The authorization algorithm 76 is operative to produce a second authorization key responsive to information associated with the ATM 70. The configuration software 74 is operative to validate the input first authorization key by comparing it to the generated second authorization key. If the keys match, the configuration software 74 enables the configuration of the ATM 70 to proceed. If the keys do not match, the configuration of the ATM 70 is not allowed to proceed.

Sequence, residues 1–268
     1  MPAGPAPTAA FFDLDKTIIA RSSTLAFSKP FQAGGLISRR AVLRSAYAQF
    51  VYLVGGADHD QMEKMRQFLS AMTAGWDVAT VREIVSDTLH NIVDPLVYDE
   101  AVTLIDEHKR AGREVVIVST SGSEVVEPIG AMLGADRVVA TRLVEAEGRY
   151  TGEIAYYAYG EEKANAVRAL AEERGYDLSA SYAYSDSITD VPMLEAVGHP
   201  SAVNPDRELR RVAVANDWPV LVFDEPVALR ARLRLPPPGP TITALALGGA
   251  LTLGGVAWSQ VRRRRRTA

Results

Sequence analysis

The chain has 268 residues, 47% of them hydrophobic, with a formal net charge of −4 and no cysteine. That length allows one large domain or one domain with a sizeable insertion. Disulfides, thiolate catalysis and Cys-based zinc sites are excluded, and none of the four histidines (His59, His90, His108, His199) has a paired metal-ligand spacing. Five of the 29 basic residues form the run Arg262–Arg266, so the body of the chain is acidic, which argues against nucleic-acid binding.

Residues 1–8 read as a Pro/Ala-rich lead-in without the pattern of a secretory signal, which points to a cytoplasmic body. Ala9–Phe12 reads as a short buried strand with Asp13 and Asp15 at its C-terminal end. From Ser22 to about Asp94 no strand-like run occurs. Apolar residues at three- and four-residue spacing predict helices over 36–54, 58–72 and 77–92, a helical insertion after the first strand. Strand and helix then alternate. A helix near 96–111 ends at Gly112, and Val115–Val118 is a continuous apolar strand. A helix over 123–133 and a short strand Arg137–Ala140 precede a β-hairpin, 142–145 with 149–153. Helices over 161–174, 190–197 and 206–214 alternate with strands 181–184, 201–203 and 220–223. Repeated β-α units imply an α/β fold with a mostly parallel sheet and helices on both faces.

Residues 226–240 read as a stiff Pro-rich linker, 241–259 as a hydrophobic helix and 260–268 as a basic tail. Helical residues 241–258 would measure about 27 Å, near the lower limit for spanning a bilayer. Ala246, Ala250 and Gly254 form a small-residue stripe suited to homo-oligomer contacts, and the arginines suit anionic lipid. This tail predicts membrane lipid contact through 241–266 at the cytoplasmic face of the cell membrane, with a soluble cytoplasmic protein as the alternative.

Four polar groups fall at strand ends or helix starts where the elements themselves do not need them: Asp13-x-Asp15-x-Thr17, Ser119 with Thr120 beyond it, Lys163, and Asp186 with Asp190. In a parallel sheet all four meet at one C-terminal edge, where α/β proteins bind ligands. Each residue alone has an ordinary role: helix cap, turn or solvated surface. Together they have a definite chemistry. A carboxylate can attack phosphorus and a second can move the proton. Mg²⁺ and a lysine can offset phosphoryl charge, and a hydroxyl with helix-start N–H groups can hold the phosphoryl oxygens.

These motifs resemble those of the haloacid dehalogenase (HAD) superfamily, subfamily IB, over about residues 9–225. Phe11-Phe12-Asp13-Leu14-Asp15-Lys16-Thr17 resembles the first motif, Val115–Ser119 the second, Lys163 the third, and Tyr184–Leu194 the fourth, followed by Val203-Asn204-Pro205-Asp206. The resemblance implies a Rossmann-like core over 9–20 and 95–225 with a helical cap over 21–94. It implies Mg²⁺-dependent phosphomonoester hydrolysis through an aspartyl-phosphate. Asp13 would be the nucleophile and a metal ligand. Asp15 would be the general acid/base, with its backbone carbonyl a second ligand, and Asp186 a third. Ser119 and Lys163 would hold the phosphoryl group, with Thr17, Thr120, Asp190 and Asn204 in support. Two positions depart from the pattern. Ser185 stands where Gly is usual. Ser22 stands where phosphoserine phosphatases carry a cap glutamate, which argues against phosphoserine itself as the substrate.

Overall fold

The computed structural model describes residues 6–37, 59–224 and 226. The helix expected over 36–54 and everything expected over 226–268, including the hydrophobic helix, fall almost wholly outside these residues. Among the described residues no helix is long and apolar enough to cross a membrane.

In one exemplary embodiment the ATM 70 includes at least one local data store 78, such as a hard drive or non-volatile storage device. The data store includes a plurality of pre-installed software components 80. The software components 80 may include individually installable ATM applications which are enabled to be installed responsive to a valid authorization key 72. In addition or in the alternative, the software components 80 may comprise different features or functions of a single ATM software application. Such features may be individually enabled for use responsive to a valid authorization key 72. In alternative exemplary embodiments the software components may be installed from a portable storage medium such as a CD-ROM or from a URL address on a network that is accessible to the ATM.